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Hilde Rogeberg Pedersen, Maureen Neitz, Stuart J. Gilson, Erlend Christoffer Sommer Landsend, Øygunn Aass Utheim, Tor Paaske Utheim, Rigmor C Baraas; Retinal structure variation in congenital aniridia: within family phenotype-genotype discordance. Invest. Ophthalmol. Vis. Sci. 2018;59(9):667.
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© ARVO (1962-2015); The Authors (2016-present)
Congenital aniridia is an autosomal dominant disorder affecting retinal development and foveal hypoplasia. We investigated photoreceptor structure in a family with aniridia caused by a deletion in the PAX6 gene.
Six persons (3 males) with congenital aniridia, aged 24–66yrs, and 10 age-matched normal controls (4 males) were included in the study. DNA was isolated from saliva samples, and used in the polymerase chain reaction (PCR) to amplify and sequence the exons and intron/exon junctions of the PAX6 gene. The PCR primers and conditions were those described previously (Human Genome Variation (2016) 3:15052). Fluorescent DNA sequencing was performed on both DNA strands. Visual acuity and ocular media opacities were evaluated. High-resolution retinal images were acquired with Heidelberg Spectralis SD-OCT2 and adaptive optics scanning light ophthalmoscopy (AOSLO). Cones were identified and cone density (CD; cones/mm2) was estimated along nasal-temporal meridians within the central 0–5°eccentricity. Horizontal SD-OCT line scans were segmented to analyze severity of foveal hypoplasia (FH, normal to complete: 0–4).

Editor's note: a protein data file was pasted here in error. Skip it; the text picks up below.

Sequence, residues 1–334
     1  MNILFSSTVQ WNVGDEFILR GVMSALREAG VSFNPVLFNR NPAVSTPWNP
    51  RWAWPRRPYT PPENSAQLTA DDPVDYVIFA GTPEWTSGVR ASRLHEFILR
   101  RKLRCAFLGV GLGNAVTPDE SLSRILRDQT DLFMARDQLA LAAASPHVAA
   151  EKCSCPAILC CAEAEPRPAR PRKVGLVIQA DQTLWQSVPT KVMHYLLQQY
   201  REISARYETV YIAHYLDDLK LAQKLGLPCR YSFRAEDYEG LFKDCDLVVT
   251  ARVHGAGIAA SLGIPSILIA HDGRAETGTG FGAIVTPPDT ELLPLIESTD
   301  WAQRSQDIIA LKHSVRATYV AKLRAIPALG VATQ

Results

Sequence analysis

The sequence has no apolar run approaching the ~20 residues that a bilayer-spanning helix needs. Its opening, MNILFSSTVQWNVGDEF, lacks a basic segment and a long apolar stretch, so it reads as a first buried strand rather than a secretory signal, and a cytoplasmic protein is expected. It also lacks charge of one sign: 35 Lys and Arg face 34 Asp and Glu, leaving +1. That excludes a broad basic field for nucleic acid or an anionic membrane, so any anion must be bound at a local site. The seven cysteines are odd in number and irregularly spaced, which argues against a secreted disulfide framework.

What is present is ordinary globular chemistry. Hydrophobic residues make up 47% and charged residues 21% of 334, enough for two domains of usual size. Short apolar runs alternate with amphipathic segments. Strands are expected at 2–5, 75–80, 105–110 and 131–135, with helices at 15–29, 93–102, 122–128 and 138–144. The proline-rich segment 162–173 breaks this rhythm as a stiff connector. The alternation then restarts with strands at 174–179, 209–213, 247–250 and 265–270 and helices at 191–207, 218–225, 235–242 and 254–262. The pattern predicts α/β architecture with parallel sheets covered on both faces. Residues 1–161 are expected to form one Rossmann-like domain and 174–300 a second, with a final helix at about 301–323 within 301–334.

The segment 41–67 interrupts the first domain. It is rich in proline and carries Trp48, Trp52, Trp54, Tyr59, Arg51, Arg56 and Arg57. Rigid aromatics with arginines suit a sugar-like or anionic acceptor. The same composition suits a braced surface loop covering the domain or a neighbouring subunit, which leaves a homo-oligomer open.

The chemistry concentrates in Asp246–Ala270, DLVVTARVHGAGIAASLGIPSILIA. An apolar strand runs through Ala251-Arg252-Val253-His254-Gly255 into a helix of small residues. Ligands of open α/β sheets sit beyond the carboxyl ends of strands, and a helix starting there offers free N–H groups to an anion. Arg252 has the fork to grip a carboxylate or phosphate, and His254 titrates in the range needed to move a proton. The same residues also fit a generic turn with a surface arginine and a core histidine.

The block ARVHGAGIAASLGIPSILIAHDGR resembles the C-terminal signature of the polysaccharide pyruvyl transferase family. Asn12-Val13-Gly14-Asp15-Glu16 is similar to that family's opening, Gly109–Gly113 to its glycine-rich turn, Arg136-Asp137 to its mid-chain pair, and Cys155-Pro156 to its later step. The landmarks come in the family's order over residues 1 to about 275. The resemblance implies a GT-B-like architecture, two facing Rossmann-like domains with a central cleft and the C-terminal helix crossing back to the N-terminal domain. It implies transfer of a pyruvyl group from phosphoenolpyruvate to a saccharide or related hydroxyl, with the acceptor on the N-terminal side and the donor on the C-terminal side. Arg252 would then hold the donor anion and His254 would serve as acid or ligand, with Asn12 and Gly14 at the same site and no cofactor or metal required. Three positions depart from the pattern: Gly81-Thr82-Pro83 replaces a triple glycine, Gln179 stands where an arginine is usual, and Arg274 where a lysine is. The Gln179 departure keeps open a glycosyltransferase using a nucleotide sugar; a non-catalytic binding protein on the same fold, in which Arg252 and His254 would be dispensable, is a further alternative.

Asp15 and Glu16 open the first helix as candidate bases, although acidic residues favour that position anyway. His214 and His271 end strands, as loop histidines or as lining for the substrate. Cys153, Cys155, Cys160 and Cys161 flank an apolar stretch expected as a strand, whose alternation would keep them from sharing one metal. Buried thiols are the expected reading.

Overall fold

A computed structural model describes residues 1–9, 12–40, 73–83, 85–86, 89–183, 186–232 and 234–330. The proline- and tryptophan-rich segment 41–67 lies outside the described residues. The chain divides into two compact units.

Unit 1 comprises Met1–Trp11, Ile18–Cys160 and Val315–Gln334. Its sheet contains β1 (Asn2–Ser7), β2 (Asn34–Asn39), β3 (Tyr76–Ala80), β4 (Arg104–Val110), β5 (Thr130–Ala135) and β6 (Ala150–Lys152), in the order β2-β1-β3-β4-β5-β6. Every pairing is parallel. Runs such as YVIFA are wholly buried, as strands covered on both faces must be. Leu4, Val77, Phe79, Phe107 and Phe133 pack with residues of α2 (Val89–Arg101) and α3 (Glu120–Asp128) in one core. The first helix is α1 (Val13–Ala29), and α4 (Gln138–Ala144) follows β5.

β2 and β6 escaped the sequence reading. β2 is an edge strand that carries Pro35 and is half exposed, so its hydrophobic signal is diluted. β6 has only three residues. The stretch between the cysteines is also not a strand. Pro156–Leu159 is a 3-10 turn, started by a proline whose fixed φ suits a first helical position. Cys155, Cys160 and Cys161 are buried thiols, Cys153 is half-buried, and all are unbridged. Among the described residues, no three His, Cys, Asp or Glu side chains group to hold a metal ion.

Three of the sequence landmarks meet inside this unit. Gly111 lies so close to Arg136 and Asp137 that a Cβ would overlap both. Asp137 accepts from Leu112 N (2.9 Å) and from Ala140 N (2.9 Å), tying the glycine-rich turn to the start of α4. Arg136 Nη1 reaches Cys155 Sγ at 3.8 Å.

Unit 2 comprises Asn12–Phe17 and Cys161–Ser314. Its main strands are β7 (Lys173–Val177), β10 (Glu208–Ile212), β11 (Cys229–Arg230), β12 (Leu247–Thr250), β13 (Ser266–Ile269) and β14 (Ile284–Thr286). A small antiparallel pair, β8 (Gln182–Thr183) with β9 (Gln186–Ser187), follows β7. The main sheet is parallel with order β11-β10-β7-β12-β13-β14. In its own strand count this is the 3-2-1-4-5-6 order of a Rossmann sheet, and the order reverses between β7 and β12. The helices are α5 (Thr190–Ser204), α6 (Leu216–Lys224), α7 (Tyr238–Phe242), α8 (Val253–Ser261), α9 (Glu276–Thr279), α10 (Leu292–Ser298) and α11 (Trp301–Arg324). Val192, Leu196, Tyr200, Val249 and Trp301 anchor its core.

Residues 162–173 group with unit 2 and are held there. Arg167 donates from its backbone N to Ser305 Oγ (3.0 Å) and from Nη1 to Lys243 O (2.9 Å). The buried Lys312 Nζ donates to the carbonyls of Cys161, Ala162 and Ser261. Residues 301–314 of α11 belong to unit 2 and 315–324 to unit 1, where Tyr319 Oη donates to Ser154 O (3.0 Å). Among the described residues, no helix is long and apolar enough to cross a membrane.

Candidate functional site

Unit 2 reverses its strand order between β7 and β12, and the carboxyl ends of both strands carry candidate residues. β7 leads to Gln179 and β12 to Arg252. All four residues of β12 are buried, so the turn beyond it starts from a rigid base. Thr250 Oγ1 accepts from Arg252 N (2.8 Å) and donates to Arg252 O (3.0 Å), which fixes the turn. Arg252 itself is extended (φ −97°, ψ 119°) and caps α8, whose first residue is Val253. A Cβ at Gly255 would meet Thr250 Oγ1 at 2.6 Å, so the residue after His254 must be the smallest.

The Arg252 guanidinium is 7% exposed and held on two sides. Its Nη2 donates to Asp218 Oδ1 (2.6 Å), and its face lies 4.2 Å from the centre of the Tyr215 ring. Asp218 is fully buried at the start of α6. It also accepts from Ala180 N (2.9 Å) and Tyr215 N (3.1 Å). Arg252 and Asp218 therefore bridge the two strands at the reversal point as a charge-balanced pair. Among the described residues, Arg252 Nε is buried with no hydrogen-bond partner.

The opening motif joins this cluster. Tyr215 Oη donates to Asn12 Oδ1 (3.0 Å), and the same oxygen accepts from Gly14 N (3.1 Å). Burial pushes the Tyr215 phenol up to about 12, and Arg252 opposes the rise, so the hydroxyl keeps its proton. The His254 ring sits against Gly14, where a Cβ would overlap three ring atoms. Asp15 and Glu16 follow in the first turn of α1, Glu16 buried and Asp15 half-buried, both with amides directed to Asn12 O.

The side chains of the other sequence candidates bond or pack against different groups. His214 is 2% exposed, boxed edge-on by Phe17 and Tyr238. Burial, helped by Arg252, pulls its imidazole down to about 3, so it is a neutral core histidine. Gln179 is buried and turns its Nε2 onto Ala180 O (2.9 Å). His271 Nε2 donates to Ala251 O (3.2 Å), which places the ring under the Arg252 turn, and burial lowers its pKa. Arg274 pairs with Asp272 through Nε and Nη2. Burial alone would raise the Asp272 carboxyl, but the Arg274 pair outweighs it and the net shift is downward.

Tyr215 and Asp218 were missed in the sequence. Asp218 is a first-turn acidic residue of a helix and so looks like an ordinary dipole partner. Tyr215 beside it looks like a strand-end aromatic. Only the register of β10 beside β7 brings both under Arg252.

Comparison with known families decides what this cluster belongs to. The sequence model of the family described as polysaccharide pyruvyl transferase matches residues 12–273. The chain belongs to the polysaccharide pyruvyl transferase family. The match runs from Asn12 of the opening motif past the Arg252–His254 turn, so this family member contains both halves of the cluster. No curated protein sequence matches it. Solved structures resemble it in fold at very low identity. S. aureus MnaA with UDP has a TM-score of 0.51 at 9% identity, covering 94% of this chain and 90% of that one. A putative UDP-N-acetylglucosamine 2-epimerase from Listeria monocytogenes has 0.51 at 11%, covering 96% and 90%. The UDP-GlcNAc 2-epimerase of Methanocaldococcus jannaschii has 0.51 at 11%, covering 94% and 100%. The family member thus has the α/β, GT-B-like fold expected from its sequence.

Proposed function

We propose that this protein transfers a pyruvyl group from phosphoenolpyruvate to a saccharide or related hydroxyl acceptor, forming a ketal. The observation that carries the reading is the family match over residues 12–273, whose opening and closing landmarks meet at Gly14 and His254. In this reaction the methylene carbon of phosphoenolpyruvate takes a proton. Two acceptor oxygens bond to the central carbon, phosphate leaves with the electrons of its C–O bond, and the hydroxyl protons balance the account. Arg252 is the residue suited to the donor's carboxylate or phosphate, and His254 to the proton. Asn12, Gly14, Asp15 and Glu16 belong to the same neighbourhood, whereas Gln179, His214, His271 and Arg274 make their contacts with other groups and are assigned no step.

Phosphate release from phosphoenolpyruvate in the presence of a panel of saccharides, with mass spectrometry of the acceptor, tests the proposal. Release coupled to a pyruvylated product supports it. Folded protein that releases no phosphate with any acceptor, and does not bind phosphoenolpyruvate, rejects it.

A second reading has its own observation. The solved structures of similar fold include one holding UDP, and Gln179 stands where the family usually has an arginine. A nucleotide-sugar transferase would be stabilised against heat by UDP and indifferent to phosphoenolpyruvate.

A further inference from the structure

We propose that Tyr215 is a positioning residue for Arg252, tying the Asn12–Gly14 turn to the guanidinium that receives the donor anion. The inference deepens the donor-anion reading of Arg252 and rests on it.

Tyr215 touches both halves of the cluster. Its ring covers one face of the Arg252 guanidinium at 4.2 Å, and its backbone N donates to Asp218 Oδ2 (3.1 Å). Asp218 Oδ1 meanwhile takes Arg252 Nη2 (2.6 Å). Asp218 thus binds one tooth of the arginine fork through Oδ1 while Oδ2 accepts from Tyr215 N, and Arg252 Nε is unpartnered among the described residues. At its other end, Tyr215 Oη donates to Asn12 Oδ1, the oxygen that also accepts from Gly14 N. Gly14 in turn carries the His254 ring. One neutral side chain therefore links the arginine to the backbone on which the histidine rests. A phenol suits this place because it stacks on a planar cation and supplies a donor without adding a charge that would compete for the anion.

DNA sequencing revealed a deletion of the -2 nucleotide in intron 2 (IV2-2delA), disrupting the consensus 3’ splice site for exon 3; a known aniridia-causing mutation. Those with aniridia had severe iris hypoplasia. Visual acuity ranged from 0.22–0.86 logMAR. AOSLO images were obtained of four (3 males) family members with aniridia, two pseudophakic and two with lens opacities (LOCSIII: N2-C1-P1, N1-C3-P1). FH grade were obtained for all six. Three with aniridia had FH grade 2 (all males) and three had grade 3 (all females), two of the females also had optic nerve hypoplasia and nystagmus. Foveal CD in aniridia ranged from 17831–53683 cones/mm2 with overlap between FH grade 2 and 3. No relationship between CD and visual acuity was observed. CD was significantly lower in aniridia, with CD >3 SD below the normal mean within 0.5°, >2 SD below the normal mean at 0.5°–4°, and >1SD below the normal mean at 5° eccentricity.
The results show considerable difference in structural phenotype in family members with aniridia and the same genetic mutation; females being more affected than males. The lack of correlation between CD and visual acuity suggests that visual function in aniridia may be related to altered numbers of post-receptoral neurons and associated circuitry.
This is an abstract that was submitted for the 2018 ARVO Annual Meeting, held in Honolulu, Hawaii, April 29 - May 3, 2018.
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